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16048Re: functional, but dysfunctional also onclipboardchange and ^!clip

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  • notetab_is_great
    Feb 3, 2007
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      --- In ntb-clips@yahoogroups.com, Alan <acummingsus@...> wrote:
      >
      > (There seems to be not yet achieved sufficient communication so as
      to convey a
      > correct understanding about the important distinction between 1. to
      *launch*
      > a 2nd (or 3rd, etc.) clip while a clip is already currently
      > running --*versus*-- 2. the use of ^!Clip


      Commmunication is the hardest part about computers... knowing what the
      other fellow is saying so we comprehend and learn...


      >
      > # 1 and # 2 are different. # 2 is *not* (not in actuality)
      *launching*
      > another clip while a clip is already running. Instead, what # 2 is
      doing is
      > it is "farming out" (or contracting to) (or, even better yet,
      "routing the
      > processing to").


      I think we agree on the difference between #1 and #2. #1, launching
      another clip while a clip is running, produces clips that appear to be
      running simultaneously. #2, using ^!Clip, which I call "nested
      clips", do not produce, and are not expected to produce, simultaneous
      execution: the ^!Clip operation suspends the first clips, performs the
      clip named as a parameter, and when that one completes, the first
      resumes at the next instruction.


      As far as I can determine, OnClipboardChange is a 2nd way, besides the
      user explicitly launching a clip, for a clip to be initiated. If
      other unnested-Clips are already running, it seems that
      OnClipboardChange can be successfully launched during ^!Delay
      operations in those other clips' operation sequence. But if any
      nested clip is currently running, then OnClipboardChange produces a
      beep, just like the user attempting to launch another clip while a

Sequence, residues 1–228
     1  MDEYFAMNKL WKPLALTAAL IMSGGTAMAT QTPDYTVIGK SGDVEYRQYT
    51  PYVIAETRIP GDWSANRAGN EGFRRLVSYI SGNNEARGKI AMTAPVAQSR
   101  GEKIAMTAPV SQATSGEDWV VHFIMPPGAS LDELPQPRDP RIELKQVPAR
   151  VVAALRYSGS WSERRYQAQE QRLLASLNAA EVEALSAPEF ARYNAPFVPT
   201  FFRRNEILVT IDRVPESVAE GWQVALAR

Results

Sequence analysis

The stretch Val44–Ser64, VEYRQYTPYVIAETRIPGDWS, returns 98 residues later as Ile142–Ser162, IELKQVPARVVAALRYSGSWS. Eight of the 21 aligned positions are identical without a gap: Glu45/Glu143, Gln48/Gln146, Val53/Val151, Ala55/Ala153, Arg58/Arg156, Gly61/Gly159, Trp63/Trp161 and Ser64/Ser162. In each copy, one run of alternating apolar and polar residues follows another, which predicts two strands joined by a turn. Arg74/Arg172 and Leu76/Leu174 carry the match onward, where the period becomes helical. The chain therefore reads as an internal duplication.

nested clip is currently running.


      >
      > Continued further below is that ^!Clip, however many times it is
      used, is to
      > be seen as a conglomeration of clips that in actuality are
      esentially they
      > are united as one huge clip. The point is that, since ^!Clip is for
      "routing
      > the processing to", it is only one clip that is running no matter
      how many
      > times ^!Clip is used.


      When not thinking about simultaneous clips, your "united as one huge
      clip" comment is a reasonable interpretation of the matter, but when
      thinking about simultaneous clips, then there is a visible distinction.

      Initiation of donothing3 directly (one huge clip) does not prevent
      initiation of donothing4. Initiation of donothing3invoker, which has
      exactly the same set of operations as donothing3 because it calls it,
      does prevent initiation of donothing4, which proves there is a
      distinction between "one huge clip", and "united as one huge clip".



      > Are you trying to use clip as a programming language? It is not.
      It is a
      > macro language (a powerful macro language). Notetab is a text
      editor that
      > you can write clips/macros so as to "program (or automate repetitive
      tasks
      > in) the editor".


      In my computer science classes, I learned that a functional computer
      can be created from two instructions: subtract, and branch if
      negative. For example, negation can be synthesized by subtracting
      from 0, addition can be synthesized by negating and subtracting,
      multiplication is a series of additions, etc. So I find that NoteTab
      supports subtract [ ^!Set %x%=^$Calc(^%x%-^%y%)$ ] and branch if
      negative [ ^!If ^%x% < 0 Skip_-3 ], so I conclude that it is a
      programming language. To me, a macro language is simply a linear
      sequence of operations, like a tape recorder/player. Once control
      flow and arithmetic are added to a macro language, it becomes a
      programming language.


      > But clip itself is *definitely not* a programming language. A
      "programable
      > editor" is a term I've heard used about Notetab. But it is a macro
      language
      > that is used to achieve this automation or so called
      "programability" of the
      > editor.
      >
      > Oh, clip has likeness to, say, qbasic. I guess qbasic is considered
      as a